Democratic Federal Election Commissioners Tuesday demanded more meetings and faster action to clear a backlog of cases they created and which they said the GOP chairman has slashed by 61 percent in just eight months since taking over from the Democratic chair.
In the latest example of partisanship at the national elections office, Democratic Commissioner Steven T. Walther said during an open meeting that the backlog of cases is so bad that more closed-door executive commission meetings are required and he offered guidelines for faster action on the cases.
And another Democrat commissioner hit the current GOP leadership of the FEC for canceling meetings this year.
However, in a long memo filled with statistics to make his case, Walther revealed that the FEC, which has been under Republican chairmanship since January, has cut the case backload and already held nearly as many meetings so far this year than it did in all of 2015 when Democrat Ann Ravel was chair. The evenly divided FEC trades off the chairmanship between a Republican and Democrat every year.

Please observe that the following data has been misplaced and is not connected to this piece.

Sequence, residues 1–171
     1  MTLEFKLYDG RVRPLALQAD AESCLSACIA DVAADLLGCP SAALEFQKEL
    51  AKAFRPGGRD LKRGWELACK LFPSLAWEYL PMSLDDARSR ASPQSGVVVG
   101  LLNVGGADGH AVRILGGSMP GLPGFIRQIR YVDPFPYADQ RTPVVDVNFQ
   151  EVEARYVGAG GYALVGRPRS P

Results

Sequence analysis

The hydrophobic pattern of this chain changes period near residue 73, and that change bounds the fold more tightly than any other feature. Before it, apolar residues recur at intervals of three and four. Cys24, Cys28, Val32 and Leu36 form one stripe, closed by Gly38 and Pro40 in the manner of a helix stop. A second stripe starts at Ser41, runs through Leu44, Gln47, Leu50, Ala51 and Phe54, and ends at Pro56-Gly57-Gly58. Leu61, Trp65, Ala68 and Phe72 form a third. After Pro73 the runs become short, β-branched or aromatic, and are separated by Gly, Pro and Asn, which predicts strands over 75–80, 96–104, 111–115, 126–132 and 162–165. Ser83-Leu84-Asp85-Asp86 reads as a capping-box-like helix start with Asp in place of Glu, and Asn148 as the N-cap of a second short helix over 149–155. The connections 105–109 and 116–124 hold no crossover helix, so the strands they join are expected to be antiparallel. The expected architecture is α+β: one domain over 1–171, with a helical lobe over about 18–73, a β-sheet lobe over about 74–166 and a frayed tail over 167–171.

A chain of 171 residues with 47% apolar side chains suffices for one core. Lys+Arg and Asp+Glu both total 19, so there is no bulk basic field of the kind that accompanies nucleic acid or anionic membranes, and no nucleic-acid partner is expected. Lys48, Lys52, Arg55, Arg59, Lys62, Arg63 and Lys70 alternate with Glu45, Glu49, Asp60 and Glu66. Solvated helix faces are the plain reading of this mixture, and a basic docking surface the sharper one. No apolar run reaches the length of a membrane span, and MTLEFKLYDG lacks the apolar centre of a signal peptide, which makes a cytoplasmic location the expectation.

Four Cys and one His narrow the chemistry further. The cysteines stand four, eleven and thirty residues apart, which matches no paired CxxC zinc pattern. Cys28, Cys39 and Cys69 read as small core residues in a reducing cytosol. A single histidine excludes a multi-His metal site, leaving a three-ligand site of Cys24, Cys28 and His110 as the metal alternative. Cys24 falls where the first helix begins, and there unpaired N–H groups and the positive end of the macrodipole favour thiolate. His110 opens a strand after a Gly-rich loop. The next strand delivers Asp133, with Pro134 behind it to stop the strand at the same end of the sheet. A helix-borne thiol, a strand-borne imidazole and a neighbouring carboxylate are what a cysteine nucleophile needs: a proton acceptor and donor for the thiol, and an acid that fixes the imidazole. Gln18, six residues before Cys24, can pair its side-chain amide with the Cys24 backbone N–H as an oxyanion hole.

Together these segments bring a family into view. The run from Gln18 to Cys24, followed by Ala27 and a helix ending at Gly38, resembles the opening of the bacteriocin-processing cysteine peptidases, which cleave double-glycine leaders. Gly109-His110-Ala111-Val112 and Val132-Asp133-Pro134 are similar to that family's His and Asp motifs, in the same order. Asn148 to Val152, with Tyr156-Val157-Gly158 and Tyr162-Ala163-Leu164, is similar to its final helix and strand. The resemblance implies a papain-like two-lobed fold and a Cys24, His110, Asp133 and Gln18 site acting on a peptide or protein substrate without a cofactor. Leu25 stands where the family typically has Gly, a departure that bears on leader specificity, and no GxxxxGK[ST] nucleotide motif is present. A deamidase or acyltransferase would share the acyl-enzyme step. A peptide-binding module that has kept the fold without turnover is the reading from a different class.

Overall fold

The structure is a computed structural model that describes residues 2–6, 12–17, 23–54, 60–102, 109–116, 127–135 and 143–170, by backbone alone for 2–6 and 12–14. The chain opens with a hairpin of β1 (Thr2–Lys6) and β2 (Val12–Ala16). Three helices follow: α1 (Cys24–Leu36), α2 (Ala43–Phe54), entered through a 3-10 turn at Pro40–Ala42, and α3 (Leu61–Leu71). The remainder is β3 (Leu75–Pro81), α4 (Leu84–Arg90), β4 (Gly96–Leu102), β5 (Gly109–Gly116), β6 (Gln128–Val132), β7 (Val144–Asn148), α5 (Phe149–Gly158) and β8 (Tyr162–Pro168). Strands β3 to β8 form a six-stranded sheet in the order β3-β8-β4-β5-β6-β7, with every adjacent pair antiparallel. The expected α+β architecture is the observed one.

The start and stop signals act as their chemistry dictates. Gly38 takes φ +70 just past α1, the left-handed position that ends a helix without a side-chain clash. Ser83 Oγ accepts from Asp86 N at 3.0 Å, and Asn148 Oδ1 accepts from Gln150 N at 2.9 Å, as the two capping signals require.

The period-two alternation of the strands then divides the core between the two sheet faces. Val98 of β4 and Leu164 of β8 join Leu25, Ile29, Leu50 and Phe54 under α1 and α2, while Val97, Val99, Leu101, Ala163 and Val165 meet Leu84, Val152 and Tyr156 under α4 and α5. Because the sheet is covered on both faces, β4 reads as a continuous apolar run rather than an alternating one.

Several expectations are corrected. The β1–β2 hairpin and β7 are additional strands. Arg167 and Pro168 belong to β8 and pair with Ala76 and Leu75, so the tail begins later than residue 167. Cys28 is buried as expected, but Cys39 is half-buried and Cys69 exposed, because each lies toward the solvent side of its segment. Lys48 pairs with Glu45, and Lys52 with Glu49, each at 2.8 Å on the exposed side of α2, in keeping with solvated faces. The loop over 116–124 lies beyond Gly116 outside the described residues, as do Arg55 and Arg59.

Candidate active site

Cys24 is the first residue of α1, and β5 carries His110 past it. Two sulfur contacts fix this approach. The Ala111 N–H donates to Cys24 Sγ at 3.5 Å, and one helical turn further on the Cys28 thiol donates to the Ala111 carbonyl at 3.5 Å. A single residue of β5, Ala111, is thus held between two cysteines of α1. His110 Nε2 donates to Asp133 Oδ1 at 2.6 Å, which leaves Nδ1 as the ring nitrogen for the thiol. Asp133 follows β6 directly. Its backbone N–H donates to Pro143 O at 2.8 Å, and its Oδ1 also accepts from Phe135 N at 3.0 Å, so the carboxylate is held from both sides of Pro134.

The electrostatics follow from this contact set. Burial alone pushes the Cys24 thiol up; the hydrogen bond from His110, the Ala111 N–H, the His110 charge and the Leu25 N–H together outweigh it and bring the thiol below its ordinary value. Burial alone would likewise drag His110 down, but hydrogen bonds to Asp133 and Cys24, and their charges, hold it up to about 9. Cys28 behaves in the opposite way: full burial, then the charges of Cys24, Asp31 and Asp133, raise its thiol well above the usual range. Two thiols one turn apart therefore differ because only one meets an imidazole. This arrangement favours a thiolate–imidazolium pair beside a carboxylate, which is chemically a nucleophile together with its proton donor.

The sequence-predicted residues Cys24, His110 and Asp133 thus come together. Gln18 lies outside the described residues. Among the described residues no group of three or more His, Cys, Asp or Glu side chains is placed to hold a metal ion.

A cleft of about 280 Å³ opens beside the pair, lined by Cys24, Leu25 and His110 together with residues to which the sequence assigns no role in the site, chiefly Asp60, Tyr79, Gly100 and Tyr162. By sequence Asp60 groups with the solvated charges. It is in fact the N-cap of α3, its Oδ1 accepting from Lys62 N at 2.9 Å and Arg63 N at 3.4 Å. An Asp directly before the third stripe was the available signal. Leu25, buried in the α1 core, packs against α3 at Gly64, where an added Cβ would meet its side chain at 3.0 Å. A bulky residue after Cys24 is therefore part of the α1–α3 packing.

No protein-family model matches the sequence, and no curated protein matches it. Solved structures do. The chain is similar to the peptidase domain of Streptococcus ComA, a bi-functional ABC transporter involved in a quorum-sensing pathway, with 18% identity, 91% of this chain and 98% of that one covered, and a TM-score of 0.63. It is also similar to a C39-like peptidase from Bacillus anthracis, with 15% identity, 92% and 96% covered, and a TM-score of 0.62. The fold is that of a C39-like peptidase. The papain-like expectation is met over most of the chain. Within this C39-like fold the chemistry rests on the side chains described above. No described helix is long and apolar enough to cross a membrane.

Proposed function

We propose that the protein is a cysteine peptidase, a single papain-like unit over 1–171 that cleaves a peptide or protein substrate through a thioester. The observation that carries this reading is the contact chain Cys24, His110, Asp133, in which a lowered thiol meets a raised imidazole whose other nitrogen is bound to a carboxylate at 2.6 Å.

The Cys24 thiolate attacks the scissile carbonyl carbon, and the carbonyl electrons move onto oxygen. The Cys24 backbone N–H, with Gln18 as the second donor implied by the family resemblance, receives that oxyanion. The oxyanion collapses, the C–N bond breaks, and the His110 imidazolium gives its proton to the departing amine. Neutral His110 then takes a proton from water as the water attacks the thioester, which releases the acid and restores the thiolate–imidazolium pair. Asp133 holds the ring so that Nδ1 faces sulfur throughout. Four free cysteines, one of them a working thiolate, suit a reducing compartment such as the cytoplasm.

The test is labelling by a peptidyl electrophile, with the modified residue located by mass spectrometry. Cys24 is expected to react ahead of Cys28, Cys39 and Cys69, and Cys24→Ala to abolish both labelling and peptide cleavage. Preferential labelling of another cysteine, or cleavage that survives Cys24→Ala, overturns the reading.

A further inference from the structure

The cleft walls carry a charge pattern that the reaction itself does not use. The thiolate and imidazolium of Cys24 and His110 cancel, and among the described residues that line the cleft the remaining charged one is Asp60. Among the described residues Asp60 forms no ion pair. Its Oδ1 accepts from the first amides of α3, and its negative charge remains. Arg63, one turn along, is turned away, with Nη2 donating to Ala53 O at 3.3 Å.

Walther, who has targeted case backloads for years, noted that "there has been a 61 percent decrease (44 / 72) in the number of matters pending before the Commission during the past nine months." But, he added, "Although this represents a substantial reduction in pending matters, there is still much work to be done to improve our efficiency in processing enforcement matters."
He also gave details on the number of executive sessions in 2015, under Democrat Chair Ravel, and 2016, under Republican Chair Matthew Petersen, in arguing for more.
"During calendar year 2015, there were 15 executive sessions during which one or more substantive actions were taken, and there were a total of 87 actions taken at those meetings regarding Office of general Council's enforcement recommendations, for an average of six (rounded) actions per executive session. In addition, and separate from actions taken at Commission meetings, there were 34 substantive actions taken through tally votes, for an average of three (rounded) actions taken per month during calendar year 2015," said the memo.
And under the Republican chairman, efficiency appears to have improved, said the memo:
"During the first seven months of calendar year 2016, there have been 11 executive sessions during which one or more substantive actions were taken, and there were a total of 67 substantive actions taken at those meetings regarding OGC's enforcement recommendations, for an average of six (rounded) actions per executive session. In addition, and separate from actions taken at Commission meetings, there were 31 substantive actions taken through tally votes, for an average of four actions taken per month so far during calendar year 2016."
Paul Bedard, the Washington Examiner's "Washington Secrets" columnist, can be contacted at firstname.lastname@example.org